Six months ago I was clinking about thirty quid a week into TFL’s coffers but then I bought a bike from eBay for £300. The investment has already repaid itself twice over, and I am blissfully indifferent to Boris and Ken’s wrangles over tube fares.
These days I cycle everywhere. As my leg muscles strengthen, wider and wider stretches of the city become manageable: Euston to Wimbledon is now a regular ride. But of all the risky activities that friends of mine do – clamber onto rooftops, hitchhike, steal food from bins, smoke – cycling daily in this crowded city must be among the most perilous.
I find that it’s fine as long as you don’t think about it. Pedal through the spring air, delight in a sudden aroma of blossom, gape at the view as you glide over the Thames, and nothing could feel more natural or secure. But take a second to be mindful of what’s going on around you and a pleasant mosey can collapse into blind panic.
On one occasion, I came to an acute consciousness of my surroundings while trapped between two flows of traffic. London roads have an unnerving habit of abruptly expanding, and at some point the one I was on had gained a second lane. A titanic engine roared behind me; I braced myself as a gargantuan truck with wheels the size of buffaloes loomed alongside, gusts of displaced air rippling out from its canvas hide.
To my right a steady stream of cars zipped by. I was balanced precariously on two thin tyres as tons and tons of reinforced metal hurtled past either shoulder. I had no option but to gulp the acrid fumes and roll onwards.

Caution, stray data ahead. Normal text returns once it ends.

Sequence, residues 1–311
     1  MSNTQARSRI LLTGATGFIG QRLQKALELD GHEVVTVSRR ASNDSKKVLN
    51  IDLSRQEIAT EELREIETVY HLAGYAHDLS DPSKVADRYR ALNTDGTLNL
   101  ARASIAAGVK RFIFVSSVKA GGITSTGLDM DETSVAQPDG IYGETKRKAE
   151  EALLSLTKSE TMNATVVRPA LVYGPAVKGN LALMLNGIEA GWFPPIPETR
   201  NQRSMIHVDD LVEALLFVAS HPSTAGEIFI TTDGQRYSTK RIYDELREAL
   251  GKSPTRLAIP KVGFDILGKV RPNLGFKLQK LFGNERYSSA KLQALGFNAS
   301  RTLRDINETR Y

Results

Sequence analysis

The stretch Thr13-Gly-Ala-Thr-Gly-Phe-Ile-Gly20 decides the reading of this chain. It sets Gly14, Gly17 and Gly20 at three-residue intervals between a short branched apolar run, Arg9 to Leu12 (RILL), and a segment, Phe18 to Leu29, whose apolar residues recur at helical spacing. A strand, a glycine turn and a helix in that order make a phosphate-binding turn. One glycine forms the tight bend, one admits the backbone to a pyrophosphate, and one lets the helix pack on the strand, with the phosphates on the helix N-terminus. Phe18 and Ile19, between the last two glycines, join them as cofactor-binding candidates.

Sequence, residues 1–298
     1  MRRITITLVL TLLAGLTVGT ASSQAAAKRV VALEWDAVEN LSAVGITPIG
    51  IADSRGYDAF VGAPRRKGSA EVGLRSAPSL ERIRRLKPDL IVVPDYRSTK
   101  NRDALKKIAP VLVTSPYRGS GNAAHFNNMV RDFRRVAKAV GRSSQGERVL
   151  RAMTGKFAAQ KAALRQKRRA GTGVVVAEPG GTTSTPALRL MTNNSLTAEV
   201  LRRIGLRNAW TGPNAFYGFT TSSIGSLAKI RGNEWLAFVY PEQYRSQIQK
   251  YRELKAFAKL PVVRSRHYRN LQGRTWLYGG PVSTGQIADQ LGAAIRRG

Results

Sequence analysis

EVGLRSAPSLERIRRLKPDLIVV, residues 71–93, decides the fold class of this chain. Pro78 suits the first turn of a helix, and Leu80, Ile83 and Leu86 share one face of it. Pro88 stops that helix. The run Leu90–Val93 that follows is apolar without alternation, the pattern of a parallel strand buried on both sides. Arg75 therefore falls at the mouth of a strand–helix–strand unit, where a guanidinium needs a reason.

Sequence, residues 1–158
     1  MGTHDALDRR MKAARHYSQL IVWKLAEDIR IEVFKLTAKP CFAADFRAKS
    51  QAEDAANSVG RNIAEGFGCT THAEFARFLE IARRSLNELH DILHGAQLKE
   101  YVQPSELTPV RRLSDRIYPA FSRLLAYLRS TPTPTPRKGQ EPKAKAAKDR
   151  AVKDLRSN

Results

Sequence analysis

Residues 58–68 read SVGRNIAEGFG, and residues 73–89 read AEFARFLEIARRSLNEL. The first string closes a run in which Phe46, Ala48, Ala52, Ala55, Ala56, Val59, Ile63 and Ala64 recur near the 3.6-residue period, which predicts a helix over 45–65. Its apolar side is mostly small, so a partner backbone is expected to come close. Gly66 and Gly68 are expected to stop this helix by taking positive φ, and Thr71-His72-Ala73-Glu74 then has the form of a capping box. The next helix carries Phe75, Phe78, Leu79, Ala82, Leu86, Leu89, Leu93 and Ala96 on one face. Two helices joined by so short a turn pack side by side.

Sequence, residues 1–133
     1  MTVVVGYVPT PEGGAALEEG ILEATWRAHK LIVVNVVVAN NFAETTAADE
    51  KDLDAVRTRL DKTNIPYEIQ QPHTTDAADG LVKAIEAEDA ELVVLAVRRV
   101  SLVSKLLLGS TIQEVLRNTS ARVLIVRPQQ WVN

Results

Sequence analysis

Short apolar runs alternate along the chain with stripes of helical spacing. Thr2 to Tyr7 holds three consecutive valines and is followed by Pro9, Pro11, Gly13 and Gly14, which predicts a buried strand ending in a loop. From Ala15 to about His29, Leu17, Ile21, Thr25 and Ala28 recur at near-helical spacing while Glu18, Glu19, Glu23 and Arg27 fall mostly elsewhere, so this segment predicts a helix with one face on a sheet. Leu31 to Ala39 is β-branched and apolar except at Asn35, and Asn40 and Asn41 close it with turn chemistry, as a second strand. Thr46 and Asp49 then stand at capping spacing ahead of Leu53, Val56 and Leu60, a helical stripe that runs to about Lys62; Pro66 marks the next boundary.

That was an instance of purely personal idiocy, but everyone who bikes in London will have had to navigate the whims of impatient drivers. A typical annoyance is the tendency of a few to blast their horn at any cyclist who slows their progress. This is a pet hate of mine: there you are, bobbing along in the open air, when suddenly there’s a great explosion of noise inches from your ear.
I say it’s a hate, but I am lying: really, I love it. If some bastard honks I feel it is entirely legitimate to hurl abuse in their direction. How often do you get to shout ‘FUCK YOU!’ at midday on a busy London street? It is a glorious release of aggression, a little frisson of savagery in the heart of docile civilisation, and I always feel cleansed afterwards.
In fact, despite the dangers and irritations, I’ve come to adore cycling here. Every day contains a stimulating challenge, a high-speed obstacle course of stationary traffic and enormous roundabouts. I’d recommend it to anyone – but considering the risk, it is probably worth acquiring everything necessary to make it safer: a helmet, lights and a high-vis top.
This also guarantees an unadulterated glow of righteousness when swearing at drivers.
Image by C.G.P. Grey courtesy of Flickr